Preventing Hacks at CERNA chat with Andrés Gómez.
Have you heard about God’s particle? In 2012, the Large Hadron Collider (LHC) found the Higgs Boson; a particle predicted to exist in the 1960s thanks to the work of Peter Higgs and other physicists. The LHC consists of a 27-kilometer ring of superconducting magnets with several accelerating structures to boost the energy of particles along the way. According to Forbes, finding the Higgs Boson had cost around USD 13.25 billion. Now you have a sense of what we will discussing in this post.
A good friend of ours and former Fluid Attacks security engineer, has been working in that huge scientific project. Andrés (his name), is a final Ph.D. student in Computer Science at the Goethe University in Germany. His work has focused on securing the computer grid that allow many physicists around the world to analyze data on subatomic particle collisions at the LHC. He has a fantastic record in cybersecurity. Before starting his doctoral studies, he found several serious weaknesses in commercial software. One of his most striking findings was the CVE-2013 3174 (MS13-56), which refers to a Remote Execution Vulnerability affecting Microsoft Windows Systems. You can read more about Andrés in his academic profile,blog or Twitter account.
- What is your doctoral thesis about?
“It is about creating a security monitoring system for the ALICE computational grid. ALICE is one of the major LHC experiments. The grid is made up of computer centers interconnected around the world that allow scientists to run applications for analyzing data obtained from particle collisions inside ALICE. My project is composed of a software framework that isolates applications scientists use in a sandbox. Then, it collects information about the behavior those applications, classifying them as normal or malicious using Machine Learning (ML). And finally, it allows performing actions upon detection of malicious behavior, such as sending alerts or stopping their execution.”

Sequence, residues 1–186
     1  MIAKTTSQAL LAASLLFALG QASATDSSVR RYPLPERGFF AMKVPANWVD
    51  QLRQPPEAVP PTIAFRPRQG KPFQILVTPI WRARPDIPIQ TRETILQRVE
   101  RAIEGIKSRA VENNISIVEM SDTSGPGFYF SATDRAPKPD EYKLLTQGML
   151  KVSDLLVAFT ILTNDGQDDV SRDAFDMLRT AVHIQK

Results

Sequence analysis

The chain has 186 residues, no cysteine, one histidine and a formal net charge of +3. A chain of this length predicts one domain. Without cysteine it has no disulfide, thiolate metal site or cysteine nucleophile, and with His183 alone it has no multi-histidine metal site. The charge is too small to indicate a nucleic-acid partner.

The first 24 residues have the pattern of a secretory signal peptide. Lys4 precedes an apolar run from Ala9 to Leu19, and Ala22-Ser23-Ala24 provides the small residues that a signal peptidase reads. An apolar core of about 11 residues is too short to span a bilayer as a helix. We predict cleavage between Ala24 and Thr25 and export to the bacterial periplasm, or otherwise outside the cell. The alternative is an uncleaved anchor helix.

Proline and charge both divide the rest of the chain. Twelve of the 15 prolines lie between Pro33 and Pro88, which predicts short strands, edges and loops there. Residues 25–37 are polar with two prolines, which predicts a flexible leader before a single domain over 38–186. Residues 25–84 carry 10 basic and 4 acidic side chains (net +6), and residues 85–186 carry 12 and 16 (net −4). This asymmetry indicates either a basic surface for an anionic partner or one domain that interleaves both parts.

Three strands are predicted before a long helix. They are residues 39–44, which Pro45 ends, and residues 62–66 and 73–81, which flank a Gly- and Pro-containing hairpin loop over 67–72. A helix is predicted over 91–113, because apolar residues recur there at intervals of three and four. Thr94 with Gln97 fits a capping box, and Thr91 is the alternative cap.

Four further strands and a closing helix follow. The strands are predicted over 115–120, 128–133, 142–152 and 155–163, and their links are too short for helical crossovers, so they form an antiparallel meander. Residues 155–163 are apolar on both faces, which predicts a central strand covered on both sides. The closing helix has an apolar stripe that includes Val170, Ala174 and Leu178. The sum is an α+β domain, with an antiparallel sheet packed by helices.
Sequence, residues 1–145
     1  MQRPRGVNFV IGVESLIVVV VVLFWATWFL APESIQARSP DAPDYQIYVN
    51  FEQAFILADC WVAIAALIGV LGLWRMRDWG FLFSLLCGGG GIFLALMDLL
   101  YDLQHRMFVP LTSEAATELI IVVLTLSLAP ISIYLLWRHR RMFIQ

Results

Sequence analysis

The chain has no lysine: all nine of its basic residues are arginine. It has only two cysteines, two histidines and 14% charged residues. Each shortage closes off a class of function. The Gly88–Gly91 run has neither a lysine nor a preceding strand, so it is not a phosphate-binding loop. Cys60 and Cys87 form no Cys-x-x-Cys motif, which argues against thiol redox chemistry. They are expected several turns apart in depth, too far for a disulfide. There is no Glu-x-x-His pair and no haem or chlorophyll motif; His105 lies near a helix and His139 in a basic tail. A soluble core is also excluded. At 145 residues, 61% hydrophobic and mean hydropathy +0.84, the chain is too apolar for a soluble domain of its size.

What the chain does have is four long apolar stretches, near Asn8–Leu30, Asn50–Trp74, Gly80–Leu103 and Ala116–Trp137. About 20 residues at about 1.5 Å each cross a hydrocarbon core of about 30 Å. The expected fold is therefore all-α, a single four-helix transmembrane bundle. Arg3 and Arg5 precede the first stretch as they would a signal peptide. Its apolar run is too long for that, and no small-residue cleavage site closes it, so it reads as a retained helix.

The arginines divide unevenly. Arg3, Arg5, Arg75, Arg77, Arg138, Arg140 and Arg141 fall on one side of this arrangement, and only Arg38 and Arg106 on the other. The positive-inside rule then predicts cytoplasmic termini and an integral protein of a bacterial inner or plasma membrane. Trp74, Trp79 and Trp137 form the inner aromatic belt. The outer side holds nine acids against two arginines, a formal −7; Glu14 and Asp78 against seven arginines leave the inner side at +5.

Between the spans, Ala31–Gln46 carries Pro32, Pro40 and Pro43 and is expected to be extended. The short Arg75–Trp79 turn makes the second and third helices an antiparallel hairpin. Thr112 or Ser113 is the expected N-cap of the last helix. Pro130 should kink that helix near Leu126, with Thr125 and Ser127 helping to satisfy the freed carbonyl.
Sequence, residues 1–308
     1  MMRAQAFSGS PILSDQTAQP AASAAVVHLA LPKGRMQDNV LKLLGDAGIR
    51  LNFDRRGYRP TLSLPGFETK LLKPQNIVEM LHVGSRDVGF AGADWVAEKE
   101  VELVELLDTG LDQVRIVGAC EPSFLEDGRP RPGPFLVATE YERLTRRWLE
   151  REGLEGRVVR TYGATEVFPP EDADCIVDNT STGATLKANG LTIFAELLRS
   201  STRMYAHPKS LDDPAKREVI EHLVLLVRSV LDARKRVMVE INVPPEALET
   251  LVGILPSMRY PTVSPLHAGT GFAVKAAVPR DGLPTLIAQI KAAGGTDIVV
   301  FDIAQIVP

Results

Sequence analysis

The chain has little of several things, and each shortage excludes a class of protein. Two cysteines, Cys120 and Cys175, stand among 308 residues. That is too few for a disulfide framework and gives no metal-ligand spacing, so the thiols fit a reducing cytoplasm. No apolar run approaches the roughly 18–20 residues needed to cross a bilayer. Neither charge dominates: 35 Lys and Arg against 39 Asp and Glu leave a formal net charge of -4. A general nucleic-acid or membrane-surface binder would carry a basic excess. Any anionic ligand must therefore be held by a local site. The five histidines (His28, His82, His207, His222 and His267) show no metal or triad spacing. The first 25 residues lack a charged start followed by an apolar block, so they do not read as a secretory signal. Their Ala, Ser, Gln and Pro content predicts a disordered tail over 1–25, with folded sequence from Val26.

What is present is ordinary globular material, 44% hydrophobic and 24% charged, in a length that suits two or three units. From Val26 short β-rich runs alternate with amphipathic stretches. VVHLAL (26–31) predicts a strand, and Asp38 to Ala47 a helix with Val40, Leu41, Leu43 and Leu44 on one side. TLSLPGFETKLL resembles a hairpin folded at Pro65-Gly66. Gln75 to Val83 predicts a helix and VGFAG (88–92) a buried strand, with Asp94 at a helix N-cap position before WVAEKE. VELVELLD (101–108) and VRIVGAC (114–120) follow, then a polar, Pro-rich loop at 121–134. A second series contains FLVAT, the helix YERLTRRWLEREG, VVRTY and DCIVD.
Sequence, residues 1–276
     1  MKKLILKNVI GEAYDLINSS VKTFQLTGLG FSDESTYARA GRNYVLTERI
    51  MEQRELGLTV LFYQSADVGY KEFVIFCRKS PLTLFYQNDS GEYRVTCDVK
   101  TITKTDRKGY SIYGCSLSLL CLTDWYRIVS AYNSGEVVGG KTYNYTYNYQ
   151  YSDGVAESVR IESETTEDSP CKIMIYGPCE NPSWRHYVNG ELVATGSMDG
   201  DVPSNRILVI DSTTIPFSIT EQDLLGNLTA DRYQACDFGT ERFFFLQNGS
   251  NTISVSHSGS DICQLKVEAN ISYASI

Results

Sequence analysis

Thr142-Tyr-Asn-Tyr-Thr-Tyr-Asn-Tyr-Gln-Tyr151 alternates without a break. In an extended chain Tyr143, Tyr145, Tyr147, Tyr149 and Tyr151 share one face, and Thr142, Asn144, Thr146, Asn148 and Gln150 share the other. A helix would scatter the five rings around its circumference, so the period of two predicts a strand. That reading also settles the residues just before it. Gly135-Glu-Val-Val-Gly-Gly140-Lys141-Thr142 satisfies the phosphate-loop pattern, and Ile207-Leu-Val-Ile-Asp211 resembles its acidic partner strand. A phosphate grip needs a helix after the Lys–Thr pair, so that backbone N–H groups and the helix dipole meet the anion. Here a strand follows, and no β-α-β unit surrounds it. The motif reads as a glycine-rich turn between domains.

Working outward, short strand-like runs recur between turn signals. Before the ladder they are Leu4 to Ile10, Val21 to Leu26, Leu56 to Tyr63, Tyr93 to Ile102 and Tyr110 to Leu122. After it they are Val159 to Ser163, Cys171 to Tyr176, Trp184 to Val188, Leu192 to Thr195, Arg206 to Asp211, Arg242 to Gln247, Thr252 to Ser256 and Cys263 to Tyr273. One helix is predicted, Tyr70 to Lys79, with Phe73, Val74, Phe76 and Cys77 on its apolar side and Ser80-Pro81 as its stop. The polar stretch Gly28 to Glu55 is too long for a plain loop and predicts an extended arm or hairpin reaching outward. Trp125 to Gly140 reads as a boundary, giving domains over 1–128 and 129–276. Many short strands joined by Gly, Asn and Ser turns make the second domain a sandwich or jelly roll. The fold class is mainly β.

That’s amazing. Researching protecting such a tremendous scientific “device” is undoubtedly a huge challenge. Andrés has been featured in the prestigious magazine Scientific American. He told us that the CERN, owner of the LHC, is a constant target for cyber attacks and that this is not surprising: many CERN systems are exposed to the Internet. We wanted to know more about ML in his work, so we asked him.
- Tell us a bit about how ML contributes to the framework you developed
“I used two ML models. The first performs a classification of applications into malicious and non-malicious. The other generates synthetic attacks to improve the training of the first.
I used thousands of examples of typical applications as well as Linux malware for training and testing both models. My framework managed to identify malicious software with an accuracy of 99% and less than 0.06% of false positives.”
Impressive. We see a link to what we shared days ago on antifragility and this cutting-edge work. By constant training and exposure to stressors, the framework makes itself better and better (just like lifting weights). According to Cybersecurity Ventures, by 2021 it is estimated that cybersecurity damages will add up to USD 6 trillion in the world, 3 trillion more than in 2015. These ML designs, capable of detecting security weaknesses and responding are seen as an answer for the rampant threats nowadays. If you want to dig deeper into Andrés' work, here is a link of a recent paper he co-authored.
Now, we turn to more general security-related issues with him.
- In your opinion, what trends in cybersecurity
- we should pay more attention to?
“I think of three relevant topics: